It's inevitable and we have to learn the skills if planning to work in the public relations industry. What am I talking about here? PR 2.0. These are not those old days, when almost everybody read information on printed newspapers or listened to radio.
Many people are now turning to get information on the internet. With the advent of the first generation of the web in the 1990’s, and the more recent arrival of the community-centric “new media” phenomenon known as Web 2.0, public relations practitioners have no choice but to incorporate Internet functionality such as blogs, podcasts, RSS feeds and social media into their PR campaigns, as well as adapt to a direct-to-consumer communications environment in an industry-wide movement dubbed PR 2.0.
My second lesson on issues in PR was about the revolution of new media and public relations.In that lesson, the course tutor, Michaela O'brien pointed out that: "If new media is proliferating the kinds of news people are looking for, then you might need to think who your audience is and where to put the news." The internet has drastically changed the way the communications industry works and will continue doing so.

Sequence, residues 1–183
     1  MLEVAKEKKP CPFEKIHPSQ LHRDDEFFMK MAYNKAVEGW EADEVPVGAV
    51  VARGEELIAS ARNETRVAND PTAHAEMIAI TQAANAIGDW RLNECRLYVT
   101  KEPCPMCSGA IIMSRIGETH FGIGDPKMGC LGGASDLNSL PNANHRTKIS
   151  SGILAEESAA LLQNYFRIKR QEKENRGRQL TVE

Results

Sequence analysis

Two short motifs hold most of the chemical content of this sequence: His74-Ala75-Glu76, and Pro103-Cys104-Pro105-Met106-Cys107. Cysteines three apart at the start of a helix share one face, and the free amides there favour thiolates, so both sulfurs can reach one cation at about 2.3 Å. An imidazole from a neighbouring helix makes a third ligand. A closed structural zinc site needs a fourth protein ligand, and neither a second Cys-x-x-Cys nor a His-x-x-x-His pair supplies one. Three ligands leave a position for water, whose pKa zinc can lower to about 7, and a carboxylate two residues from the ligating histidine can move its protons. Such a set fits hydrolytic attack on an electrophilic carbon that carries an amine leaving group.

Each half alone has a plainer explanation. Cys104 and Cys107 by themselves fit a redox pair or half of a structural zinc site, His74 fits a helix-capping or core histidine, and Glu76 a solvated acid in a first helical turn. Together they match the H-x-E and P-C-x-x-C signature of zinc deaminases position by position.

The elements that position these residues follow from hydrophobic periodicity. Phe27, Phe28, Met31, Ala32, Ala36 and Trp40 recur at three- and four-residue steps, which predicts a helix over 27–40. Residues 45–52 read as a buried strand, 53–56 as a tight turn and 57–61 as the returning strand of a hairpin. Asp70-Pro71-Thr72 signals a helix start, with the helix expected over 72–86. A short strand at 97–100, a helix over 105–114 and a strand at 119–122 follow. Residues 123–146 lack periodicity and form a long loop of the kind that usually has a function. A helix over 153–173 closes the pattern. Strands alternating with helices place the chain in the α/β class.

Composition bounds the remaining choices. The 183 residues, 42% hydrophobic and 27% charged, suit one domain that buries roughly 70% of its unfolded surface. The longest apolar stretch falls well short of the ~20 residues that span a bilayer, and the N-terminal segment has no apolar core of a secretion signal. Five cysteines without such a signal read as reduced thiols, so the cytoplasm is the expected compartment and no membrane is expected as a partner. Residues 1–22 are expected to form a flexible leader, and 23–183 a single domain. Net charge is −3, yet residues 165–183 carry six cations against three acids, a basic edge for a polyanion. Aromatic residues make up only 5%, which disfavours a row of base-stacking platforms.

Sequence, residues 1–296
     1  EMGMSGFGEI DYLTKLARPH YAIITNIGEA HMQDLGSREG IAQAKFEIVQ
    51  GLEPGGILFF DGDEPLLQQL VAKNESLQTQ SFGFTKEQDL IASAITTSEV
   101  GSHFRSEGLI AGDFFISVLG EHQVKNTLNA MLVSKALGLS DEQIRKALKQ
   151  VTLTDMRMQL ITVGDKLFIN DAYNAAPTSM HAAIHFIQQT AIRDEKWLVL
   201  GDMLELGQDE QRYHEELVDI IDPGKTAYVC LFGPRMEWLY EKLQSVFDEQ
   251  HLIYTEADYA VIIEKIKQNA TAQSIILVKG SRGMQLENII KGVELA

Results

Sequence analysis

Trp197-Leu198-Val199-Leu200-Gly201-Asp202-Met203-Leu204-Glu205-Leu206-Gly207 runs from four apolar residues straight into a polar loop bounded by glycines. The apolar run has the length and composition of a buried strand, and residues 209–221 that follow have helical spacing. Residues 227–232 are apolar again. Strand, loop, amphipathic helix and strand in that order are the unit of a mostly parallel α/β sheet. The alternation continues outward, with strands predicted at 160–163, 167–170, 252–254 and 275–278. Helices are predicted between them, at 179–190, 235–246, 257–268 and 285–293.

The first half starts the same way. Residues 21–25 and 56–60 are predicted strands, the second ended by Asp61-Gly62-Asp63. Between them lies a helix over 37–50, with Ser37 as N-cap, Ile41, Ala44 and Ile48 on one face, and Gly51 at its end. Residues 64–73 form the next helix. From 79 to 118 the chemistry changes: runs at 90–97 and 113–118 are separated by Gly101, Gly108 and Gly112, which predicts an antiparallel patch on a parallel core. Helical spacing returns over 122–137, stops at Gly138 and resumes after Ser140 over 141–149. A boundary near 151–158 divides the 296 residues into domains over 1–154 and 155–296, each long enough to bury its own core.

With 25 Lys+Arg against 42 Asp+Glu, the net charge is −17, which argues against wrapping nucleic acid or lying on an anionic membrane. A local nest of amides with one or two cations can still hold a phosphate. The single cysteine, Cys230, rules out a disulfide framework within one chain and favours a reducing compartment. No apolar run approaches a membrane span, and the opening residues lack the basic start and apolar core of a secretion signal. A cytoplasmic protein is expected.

Online sources for news are booming and therefore it also means that new media is creating new channels for public relations in terms of how information or news is disseminated either to the media/journalists or the public. For instance, public relations professionals used to write a news release and print it to send or hand deliver to each media outlets. But, nowardays they can email the news release and pictures accompanying the release on jpeg ..etc making it easy and faster to reach the news desks.